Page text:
Model, design and characterize acoustic metamaterials, devices and functions using electrostatic and piezoelectric transductions combined with transistors in 2D and 3D configurations
What you will do
Background and motivation
In recent years the research field called phononics has become a field of interest for many technologies. The range of applications in which the field of phononics is having an impact ranges from ultrasound to thermal devices. A periodic array of holes in a membrane or substrate will give rise to a stopband for acoustic waves in a certain frequency range, hence the periodic array of holes acts as a phononic crystal. Such phononic crystals have for example been used for the design of unreleased acoustic resonators for timing and sensing applications in the microwave spectrum. Hereto, the period of the array of holes is typically around 1~10µm. For devices with RF and thermal applications in mind, phononic crystals are designed with stopbands at larger frequencies, hence the period of the array of holes is typically chosen to be sub-micrometer to 1µm scale. [Hopkins, 2011]
Current research in the field of phononics goes beyond the study of phononic crystals for the use of resonators or reflectors. Similarly, to the field of photonics the study of phononics is about the control and manipulation of the propagation of acoustic waves. This includes the study of phononic metamaterials for cloaking application or for the design of perfect absorbers. There is also active research towards mimicking typical electronic functionalities, for example the design of phononic diodes and phononic transistors to achieve phononic logic functionality.
Context and description of the work
Imec explores the possibilities for deep integration of phononic devices in advanced technology nodes. To support this activity, we offer a post-doc position to model, design and characterize acoustic metamaterials, devices and functions using electrostatic and piezoelectric transductions combined with transistors in 2D and 3D configurations. These passive, active and/or tunable devices will be produced in the state-of-the-art infrastructure of imec, using complex material stacks as designed by the post-doc and using advanced lithography to structure materials vastly below the targeted acoustic wavelengths.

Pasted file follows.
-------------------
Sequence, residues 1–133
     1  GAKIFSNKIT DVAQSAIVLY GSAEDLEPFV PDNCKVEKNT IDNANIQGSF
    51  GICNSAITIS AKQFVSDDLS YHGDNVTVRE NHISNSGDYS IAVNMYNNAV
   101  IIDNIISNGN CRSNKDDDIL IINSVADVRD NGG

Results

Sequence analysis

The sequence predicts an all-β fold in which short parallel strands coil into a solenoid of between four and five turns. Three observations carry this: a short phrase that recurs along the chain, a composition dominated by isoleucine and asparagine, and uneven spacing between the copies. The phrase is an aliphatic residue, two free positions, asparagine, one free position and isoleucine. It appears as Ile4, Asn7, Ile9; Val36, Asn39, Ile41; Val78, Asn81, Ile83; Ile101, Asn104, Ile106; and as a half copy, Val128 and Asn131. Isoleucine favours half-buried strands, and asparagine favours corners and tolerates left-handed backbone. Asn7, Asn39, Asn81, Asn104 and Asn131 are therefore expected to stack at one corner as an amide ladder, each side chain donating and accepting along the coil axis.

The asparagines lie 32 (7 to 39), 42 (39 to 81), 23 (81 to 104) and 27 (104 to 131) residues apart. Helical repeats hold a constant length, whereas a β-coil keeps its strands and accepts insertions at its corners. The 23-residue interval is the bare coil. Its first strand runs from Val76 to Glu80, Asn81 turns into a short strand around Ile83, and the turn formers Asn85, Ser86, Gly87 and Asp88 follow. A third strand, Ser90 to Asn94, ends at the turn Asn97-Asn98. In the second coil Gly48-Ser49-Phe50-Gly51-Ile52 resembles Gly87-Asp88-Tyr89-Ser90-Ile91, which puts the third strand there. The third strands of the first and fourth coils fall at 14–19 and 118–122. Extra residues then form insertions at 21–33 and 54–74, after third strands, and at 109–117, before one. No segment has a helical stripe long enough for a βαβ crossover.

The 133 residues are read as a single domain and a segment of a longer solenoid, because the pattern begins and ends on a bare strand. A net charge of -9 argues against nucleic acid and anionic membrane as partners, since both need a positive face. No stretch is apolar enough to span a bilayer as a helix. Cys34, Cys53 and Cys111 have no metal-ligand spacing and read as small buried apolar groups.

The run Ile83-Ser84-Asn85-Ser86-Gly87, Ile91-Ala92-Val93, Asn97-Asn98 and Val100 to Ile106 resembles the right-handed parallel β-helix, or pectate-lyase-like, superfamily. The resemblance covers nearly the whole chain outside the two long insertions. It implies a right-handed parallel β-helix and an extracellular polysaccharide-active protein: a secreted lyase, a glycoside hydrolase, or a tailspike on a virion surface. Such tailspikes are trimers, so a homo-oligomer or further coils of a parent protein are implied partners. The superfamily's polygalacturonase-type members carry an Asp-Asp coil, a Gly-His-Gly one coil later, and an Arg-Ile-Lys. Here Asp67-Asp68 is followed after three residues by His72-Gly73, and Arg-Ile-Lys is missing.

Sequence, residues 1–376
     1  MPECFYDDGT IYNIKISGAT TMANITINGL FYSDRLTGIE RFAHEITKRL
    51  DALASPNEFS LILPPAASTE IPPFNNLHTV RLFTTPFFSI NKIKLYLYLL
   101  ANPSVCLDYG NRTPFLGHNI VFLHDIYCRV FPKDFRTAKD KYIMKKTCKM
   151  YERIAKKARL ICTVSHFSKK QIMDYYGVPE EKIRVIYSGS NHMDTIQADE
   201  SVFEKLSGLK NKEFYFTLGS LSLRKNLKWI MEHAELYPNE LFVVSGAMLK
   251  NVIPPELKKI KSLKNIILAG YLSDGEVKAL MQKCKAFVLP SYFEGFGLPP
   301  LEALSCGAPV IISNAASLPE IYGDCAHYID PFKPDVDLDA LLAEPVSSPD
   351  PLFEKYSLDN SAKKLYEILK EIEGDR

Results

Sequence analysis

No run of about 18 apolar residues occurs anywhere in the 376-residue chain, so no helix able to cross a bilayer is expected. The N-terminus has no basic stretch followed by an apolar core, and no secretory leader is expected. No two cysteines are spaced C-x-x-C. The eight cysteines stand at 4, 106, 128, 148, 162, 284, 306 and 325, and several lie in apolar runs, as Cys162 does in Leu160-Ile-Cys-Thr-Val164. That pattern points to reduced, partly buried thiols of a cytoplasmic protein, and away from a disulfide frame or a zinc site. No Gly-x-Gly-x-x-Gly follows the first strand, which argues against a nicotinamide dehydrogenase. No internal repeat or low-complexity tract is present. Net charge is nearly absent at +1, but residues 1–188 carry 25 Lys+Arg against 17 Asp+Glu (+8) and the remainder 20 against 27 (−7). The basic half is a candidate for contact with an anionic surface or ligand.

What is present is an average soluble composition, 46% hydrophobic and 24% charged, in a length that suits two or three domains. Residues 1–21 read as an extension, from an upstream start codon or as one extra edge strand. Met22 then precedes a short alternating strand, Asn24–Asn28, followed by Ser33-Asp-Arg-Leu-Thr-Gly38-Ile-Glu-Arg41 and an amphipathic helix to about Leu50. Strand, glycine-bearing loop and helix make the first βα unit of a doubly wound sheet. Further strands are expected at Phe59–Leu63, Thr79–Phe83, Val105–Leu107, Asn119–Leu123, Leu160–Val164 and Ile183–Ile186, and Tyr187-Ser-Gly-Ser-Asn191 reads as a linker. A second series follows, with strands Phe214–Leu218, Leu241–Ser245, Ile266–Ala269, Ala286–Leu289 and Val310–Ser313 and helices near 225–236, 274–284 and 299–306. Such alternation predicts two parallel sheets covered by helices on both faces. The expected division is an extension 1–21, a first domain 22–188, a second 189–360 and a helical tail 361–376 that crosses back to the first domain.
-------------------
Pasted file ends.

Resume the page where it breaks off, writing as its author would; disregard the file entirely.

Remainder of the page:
VUB: Piet Wambacq
imec: Xavier Rottenberg
What we do for you
We offer you the opportunity to join one of the world’s premier research centers in nanotechnology at its headquarters in Leuven, Belgium. With your talent, passion and expertise, you’ll become part of a team that makes the impossible possible. Together, we shape the technology that will determine the society of tomorrow.
We are proud of our open, multicultural, and informal working environment with ample possibilities to take initiative and show responsibility. We commit to supporting and guiding you in this process; not only with words but also with tangible actions. Through imec.academy, 'our corporate university', we actively invest in your development to further your technical and personal growth.
We are aware that your valuable contribution makes imec a top player in its field. Your energy and commitment are therefore appreciated by means of a competitive salary with many fringe benefits.
Who you are
As a postdoc researcher you will receive training, coaching and networking opportunities to become a recognized international expert in the field.
This postdoctoral position is funded by imec through KU Leuven. Because of the specific financing statute which targets international mobility for postdocs, only candidates who did not stay or work/study in Belgium for more than 24 months in the past 3 years can be considered for the position (short stays such as holiday, participation in conferences, etc. are not taken into account).
Apply online at www.imec.be/jobs.Läs mer
|Titel||Postdoctoral Researcher - Phononic/acoustic resonators and filters|
|Job location||Kapeldreef 75, B-3001 Heverlee|
|Publicerad||augusti 3, 2020|
|Ämnen||Akustik,   Optik,   Teknisk fysik,   Materialfysik,   Elektronik,   Fotonik  |